Regular readers will know that Firefly team sent me several of their Rockchip boards for evaluation, and I started with a review of ROC-RK3328-CC development board powered by Rockchip RK3328 processor. This time, I went with the high-end AIO-3399J board comprised of a features-packed baseboard and a Rockchip RK3399 system-on-module. Just like with the previous review, I’ve decided to focus on Linux support, in this case Xunbuntu 16.04, and I’ll do an Android review on the company releases Android 8.1 for Firefly-RK3399 board. First Boot with AIO-3399J Board Before booting the board, I inserted the heatsink, and connected the provided WiFi antennas. I also connected some devices and cables, including a mouse, the male to male USB cable to the top USB 3.0 (OTG) port for firmware update, a HDMI cable to my TV, and Ethernet cable, as well as the serial debug board. The final step was to connect […]
FOSDEM (Free and Open Source Software Developers’ European Meeting) occurs every year on the first week-end of February, where developers meet for two days discussing about open source software projects. FOSDEM 2018 will take place on February 3-4 this year with 652 speakers, 684 events, and 57 tracks, an increase over last year 608 speakers, 653 events, and 54 tracks. There will be 8 main tracks namely: Community, History, Miscellaneous, Performance, Python, Security and Encryption, Space, and Global Diversity CFP Day. There will also be 33 developer rooms, and since the full schedule is now available, I’ll make a virtual schedule mostly based on sessions from the Embedded, mobile, and automotive, Hardware Enablement, and Internet of Things devrooms. Saturday 3, 2018 09:50 – 10:15 – Turning On the Lights with Home Assistant and MQTT by Leon Anavi In this presentation you will learn the exact steps for using MQTT JSON […]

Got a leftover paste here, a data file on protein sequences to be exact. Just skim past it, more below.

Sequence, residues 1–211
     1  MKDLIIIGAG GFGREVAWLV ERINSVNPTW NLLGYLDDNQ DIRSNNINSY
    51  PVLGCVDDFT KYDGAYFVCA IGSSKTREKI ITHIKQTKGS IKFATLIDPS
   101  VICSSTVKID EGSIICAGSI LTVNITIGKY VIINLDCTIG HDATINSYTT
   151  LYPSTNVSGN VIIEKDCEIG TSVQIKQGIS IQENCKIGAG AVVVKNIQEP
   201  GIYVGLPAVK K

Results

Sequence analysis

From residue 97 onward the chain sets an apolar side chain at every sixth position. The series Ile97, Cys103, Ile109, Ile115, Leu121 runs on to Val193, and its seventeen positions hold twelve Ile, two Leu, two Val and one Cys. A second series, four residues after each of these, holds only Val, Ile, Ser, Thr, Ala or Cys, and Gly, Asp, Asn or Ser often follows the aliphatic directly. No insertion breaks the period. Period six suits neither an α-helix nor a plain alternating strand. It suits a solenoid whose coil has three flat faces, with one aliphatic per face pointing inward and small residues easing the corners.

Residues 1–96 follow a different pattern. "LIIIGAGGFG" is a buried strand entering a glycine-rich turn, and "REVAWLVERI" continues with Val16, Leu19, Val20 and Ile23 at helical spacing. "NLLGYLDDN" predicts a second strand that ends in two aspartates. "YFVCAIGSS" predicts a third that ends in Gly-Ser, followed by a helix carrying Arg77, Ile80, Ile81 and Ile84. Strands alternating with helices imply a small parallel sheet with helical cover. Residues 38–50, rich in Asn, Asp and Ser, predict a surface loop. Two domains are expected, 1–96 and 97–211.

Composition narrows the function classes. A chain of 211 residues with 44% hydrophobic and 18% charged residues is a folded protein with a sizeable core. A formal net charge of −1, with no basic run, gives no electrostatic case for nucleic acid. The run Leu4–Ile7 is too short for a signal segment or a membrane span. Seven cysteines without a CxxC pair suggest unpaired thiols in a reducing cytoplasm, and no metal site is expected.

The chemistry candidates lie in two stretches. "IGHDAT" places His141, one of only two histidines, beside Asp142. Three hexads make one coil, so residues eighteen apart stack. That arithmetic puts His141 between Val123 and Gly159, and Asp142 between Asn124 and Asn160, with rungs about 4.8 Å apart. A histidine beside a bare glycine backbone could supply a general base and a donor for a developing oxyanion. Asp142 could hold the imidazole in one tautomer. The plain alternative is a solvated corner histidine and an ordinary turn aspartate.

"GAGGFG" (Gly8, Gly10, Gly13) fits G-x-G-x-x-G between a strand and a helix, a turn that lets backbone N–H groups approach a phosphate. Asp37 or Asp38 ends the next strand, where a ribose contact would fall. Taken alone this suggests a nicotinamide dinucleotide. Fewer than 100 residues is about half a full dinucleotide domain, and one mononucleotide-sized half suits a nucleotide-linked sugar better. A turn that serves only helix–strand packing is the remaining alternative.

Cubieboard4 is a development board powered by Allwinner A80 octa-core processor with 2GB RAM and 16GB eMMC. I’ve already shown how to get started with the board using the pre-installed Android 4.4 image, and run some benchmarks in Android, so now it’s time to check out the Ubuntu Linaro 14.04 image provided by CubieTech. I’ll show how to install and setup Ubuntu 14.04 on the board using a micro SD card, run desktop applications like Chromium, Libre Office, and son on on the board, and complete the review with some Linux benchmarks. Setting up Ubuntu on Cubieboard4 Firmware images for Cubiebord4 can be downloaded @ http://dl.cubieboard.org/model/cc-a80/Image/. Currently Android 4.4, Debian server, Ubuntu Linaro server, and Ubuntu Linaro desktop with LXDE desktop environment. That’s the latter I’ll use for the experiment, and two images are available: linaro-desktop-cb4-card-hdmi-v0.4.img.7z – Bootable image from micro SD card linaro-desktop-cb4-emmc-hdmi-v0.4.img.7z – Installation image to eMMC to […]